>>> OA publishing - 'gold' - costs money and subscriptions don't.
>>> In the universe where I live, formal publishing in peer-reviewed
>>> journals costs money. In rare cases, and very small journals, this cost
>>> may be hidden. But there are costs nonetheless. The costs are not all
>>> that different for OA journals or subscription journals. In that
>>> universe, research budget allocations and research grants typically
>>> include earmarked overhead charges. These overhead charges are taken by
>>> the research institution to pay for all manner of infrastructural costs,
>>> including the library budget. From which subscriptions are paid.
>>> Formal publication is part and parcel of research, and thus the cost of
>>> publication is part and parcel of the cost of research. Any kind of
>>> formal publishing 'eats away' a portion of scarce research funds. But
>>> unpublished research is pretty much regarded as research not done, so
>>> money on publication is generally well-spent.
>>> Compare:
>>> -OA publishing, with an aggregate cost to the scientific establishment
>>> of X per article published (total per article: X);
>>> -OA via self-archiving of non-OA articles, with an aggregate cost to the
>>> scientific establishment of all the subscriptions taken (necessary in a
>>> self-archiving model), amounting to X per article published, plus the
>>> aggregate cost of thousands of institutional repositories and the
>>> staffing to keep them going, amounting to Y per article (total per
>>> article: X+Y).
>>> Which is the greatest drain on scarce research funds?
>>> Jan Velterop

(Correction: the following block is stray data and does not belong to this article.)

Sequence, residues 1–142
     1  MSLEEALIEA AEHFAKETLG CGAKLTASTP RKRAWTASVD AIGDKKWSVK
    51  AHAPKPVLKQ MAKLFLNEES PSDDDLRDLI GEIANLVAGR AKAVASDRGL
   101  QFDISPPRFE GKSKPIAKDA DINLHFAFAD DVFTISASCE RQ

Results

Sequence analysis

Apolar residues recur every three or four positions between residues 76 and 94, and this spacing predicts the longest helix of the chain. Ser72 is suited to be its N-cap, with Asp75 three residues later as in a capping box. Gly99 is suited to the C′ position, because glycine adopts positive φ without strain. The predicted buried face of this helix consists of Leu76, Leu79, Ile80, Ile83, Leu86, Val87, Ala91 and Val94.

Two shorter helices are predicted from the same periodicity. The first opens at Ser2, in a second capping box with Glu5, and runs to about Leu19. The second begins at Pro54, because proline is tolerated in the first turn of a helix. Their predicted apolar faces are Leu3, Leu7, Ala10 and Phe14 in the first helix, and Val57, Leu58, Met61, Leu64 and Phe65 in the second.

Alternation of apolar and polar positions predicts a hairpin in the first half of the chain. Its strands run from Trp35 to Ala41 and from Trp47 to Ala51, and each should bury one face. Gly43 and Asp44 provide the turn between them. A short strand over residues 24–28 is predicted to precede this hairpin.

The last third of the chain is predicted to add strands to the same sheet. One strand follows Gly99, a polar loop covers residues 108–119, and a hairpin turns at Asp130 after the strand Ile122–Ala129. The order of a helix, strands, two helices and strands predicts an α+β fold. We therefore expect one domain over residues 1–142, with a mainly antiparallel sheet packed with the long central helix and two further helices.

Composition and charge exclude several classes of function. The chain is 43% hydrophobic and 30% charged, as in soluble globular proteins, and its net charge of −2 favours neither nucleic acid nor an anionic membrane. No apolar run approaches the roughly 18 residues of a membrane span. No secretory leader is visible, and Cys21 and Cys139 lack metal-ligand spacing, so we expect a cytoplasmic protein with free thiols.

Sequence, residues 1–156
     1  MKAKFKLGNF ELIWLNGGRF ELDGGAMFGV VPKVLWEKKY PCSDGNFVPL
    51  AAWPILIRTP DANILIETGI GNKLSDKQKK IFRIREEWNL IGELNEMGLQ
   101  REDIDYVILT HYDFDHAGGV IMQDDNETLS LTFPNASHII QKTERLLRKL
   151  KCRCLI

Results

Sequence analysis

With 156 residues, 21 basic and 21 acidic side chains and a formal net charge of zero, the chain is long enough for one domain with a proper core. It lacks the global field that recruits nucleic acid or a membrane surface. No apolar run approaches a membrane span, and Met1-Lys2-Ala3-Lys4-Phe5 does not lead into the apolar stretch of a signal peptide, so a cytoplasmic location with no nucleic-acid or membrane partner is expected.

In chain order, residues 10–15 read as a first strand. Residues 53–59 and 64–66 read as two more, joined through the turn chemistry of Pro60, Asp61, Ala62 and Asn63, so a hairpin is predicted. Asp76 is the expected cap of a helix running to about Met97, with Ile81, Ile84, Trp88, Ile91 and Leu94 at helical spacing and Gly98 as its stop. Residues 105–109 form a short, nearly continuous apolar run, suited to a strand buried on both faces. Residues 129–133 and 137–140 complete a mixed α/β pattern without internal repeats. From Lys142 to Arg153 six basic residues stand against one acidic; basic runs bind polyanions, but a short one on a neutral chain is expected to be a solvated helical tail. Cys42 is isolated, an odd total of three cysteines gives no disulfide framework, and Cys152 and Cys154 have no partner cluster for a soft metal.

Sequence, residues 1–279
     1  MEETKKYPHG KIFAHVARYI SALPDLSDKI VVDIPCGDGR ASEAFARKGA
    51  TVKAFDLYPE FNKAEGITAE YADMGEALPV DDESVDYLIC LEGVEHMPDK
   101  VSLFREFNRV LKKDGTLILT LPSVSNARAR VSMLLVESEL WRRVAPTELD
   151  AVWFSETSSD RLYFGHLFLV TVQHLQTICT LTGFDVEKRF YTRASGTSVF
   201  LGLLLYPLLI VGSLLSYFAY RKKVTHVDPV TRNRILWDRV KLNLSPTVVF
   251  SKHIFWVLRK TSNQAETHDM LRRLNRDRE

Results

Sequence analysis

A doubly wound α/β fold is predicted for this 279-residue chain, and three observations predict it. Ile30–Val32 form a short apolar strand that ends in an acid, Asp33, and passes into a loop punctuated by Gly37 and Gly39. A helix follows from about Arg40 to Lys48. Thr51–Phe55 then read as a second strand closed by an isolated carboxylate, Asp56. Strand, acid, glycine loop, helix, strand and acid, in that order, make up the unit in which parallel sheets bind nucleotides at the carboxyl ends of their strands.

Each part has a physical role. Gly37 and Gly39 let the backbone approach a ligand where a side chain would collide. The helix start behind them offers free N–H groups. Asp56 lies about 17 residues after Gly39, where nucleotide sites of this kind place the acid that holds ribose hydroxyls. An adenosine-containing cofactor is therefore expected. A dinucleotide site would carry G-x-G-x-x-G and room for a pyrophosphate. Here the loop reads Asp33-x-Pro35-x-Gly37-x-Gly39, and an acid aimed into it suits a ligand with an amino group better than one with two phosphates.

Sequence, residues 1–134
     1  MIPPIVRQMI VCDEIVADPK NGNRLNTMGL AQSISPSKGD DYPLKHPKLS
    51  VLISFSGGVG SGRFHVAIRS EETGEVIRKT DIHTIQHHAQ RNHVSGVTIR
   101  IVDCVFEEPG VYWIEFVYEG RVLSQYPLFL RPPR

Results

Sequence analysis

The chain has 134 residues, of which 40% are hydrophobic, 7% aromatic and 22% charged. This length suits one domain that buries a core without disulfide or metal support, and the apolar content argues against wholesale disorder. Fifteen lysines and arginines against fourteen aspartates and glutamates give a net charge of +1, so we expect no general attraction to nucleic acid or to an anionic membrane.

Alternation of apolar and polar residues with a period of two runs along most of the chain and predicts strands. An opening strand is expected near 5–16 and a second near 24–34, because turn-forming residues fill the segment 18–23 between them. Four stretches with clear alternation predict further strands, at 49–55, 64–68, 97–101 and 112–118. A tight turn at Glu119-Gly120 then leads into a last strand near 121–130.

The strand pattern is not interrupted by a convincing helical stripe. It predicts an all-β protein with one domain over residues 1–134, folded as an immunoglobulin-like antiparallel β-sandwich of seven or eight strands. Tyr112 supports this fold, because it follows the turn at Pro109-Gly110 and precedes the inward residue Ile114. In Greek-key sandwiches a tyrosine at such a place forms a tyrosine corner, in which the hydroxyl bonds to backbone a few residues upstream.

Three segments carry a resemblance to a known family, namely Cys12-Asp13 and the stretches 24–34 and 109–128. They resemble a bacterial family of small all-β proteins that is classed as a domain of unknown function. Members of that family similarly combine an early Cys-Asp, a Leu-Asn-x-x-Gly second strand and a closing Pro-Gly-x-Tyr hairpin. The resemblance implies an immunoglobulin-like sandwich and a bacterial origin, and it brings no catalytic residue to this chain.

>>>> -----Original Message-----
>>>> From: SPARC Open Access Forum []
>>>> On Behalf Of Stevan Harnad
>>>> Sent: 28 February 2007 04:09
>>>> To: SPARC Open Access Forum
>>>> Subject: [SOAF] Reply to Jan Velterop, and a Challenge to
>>>> "OA" Publishers Who Oppose Mandating OA via Self-Archiving
>>>> ** Cross-Posted **
>>> [cut]
>>>> And the objection isn't primarily to the redirection of
>>>> scarce research funds to pay for needless Gold OA costs. If
>>>> the research community is foolish enough to want to do that,
>>>> it is welcome to do so. The objection is to any further delay
>>>> in mandating Green OA, wasting still more time instead on
>>>> continued bickering about paying pre-emptive Gold publishing
>>>> fees. Let research funders and institutions mandate OA Green
>>>> self-archiving, now, thereby guaranteeing 100% OA, now, and
>>>> *then* let them spend their spare time and money in any way
>>>> they see fit.
>>> [cut]
>>>> Gold OA now, when Gold OA is neither needed, nor are the
>>>> funds available for paying for it (without poaching them from
>>>> research) because the funds to pay for publishing are still
>>>> paying for subscriptions.
>>>> Caveat pre-emptor.
>>>> Stevan Harnad
Received on Thu Mar 01 2007 - 13:18:30 GMT